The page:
Honourable senators, today I would like to speak to you about the invisible pandemic of gender-based violence. More specifically, I will highlight the negative impact our ongoing emergency health crisis is having on domestic violence.
November 25, the first day of 16 Days of Activism against Gender-Based Violence, was also the thirty-fourth birthday of Audrey Hopkinson, a mother of two from Brockville, Ontario. Sadly, for the first time last week, Audrey’s family and friends observed her birthday without her. The beloved nurse who worked at Brockville General Hospital was tragically murdered, along with her unborn child. Audrey’s partner took her life, followed by his own, last April, a few weeks after the pandemic lockdown.
Audrey Hopkinson’s murder is unfortunately not an isolated case. The COVID-19 pandemic has exacerbated cases of gender-based violence in Canadian households by further isolating victims of domestic abuse. Oxfam Canada notes that the crisis and emergency situations worsen women’s vulnerability to violence. Audrey Hopkinson’s story is indeed proof of this.
In Canada, troubling numbers of domestic abuse cases are reported. A Vancouver crisis line reported a 300% rise in calls due to isolation faced during the pandemic. Shelters cannot keep up with the spike in demand due to the division of resources between COVID-19 health concerns and the increasing level of violence against women.
In this province, the Ontario Association of Interval and Transition Houses reported that 20% of their 70 shelters have had an increase in calls over the course of the pandemic. Meanwhile, York Regional Police noticed a 22% increase.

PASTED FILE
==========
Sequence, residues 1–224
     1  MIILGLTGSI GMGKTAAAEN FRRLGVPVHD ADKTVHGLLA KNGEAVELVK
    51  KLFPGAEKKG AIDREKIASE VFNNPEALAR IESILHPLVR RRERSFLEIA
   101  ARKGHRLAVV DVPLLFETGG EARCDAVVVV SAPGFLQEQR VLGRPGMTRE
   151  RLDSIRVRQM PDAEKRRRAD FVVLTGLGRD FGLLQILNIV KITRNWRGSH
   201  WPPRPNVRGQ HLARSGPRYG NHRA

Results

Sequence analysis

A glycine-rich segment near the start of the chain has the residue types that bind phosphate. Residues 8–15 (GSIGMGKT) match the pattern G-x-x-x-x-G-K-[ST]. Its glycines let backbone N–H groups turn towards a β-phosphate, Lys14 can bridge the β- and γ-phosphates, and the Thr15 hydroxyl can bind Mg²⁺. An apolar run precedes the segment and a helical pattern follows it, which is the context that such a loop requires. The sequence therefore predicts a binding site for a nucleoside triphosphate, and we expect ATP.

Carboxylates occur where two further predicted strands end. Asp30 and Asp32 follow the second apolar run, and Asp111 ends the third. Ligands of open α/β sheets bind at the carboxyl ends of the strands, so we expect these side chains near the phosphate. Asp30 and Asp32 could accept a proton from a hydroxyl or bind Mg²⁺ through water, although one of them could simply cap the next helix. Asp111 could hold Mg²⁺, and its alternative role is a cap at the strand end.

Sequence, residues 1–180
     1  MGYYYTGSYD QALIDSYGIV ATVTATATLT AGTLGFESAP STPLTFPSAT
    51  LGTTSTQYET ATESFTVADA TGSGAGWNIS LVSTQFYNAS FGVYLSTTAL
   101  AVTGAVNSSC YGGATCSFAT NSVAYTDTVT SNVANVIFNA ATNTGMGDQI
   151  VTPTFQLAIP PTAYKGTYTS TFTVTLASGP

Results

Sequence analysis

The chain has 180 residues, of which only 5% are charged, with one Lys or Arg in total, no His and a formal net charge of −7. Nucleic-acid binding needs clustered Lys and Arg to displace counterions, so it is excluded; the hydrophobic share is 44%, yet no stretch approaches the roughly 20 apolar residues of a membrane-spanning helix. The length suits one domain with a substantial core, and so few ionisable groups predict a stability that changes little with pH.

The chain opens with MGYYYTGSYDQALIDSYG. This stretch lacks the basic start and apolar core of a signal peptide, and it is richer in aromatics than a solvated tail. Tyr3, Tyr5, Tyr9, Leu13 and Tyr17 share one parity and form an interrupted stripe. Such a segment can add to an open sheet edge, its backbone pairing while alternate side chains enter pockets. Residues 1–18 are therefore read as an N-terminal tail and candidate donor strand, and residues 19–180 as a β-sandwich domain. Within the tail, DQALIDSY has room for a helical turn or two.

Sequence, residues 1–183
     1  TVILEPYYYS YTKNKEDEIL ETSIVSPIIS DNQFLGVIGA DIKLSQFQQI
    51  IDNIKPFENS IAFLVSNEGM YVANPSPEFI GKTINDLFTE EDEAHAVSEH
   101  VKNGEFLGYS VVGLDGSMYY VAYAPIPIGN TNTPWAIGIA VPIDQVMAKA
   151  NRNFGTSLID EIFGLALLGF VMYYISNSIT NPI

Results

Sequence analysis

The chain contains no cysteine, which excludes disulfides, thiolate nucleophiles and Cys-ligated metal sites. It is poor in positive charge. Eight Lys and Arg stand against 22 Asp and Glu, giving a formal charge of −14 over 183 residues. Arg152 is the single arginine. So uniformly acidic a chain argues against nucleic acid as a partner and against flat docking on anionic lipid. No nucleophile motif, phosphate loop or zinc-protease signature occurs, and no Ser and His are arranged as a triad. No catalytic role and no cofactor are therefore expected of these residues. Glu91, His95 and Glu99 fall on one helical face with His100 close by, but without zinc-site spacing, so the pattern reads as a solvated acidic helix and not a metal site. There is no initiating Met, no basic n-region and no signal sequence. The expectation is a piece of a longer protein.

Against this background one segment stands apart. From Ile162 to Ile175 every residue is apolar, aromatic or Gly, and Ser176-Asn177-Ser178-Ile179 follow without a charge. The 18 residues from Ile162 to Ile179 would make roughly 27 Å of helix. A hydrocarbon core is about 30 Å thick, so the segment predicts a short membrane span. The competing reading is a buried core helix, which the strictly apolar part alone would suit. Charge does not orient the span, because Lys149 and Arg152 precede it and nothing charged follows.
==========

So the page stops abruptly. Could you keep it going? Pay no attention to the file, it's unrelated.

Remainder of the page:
Women are at a much higher risk of experiencing violence due to home isolation. Indeed, lockdowns allow perpetrators to control women’s movements, restrict access to support services and separate them from the safety networks of family and friends. The inescapable nature of such situations has led to the creation of a silent signal for help that has been shared across social media platforms such as TikTok and Instagram. It is clear to me that violence against women during a public health emergency needs to be prioritized.
Honourable senators, let us do our part as parliamentarians by including services that address gender-based violence wherever possible in government policy. Victimized women and girls were living in lockdown long before the pandemic began. During the remainder of the 16 Days of Activism, and every other day after, let us continue to speak out against gender-based violence because lives depend on it. Thank you.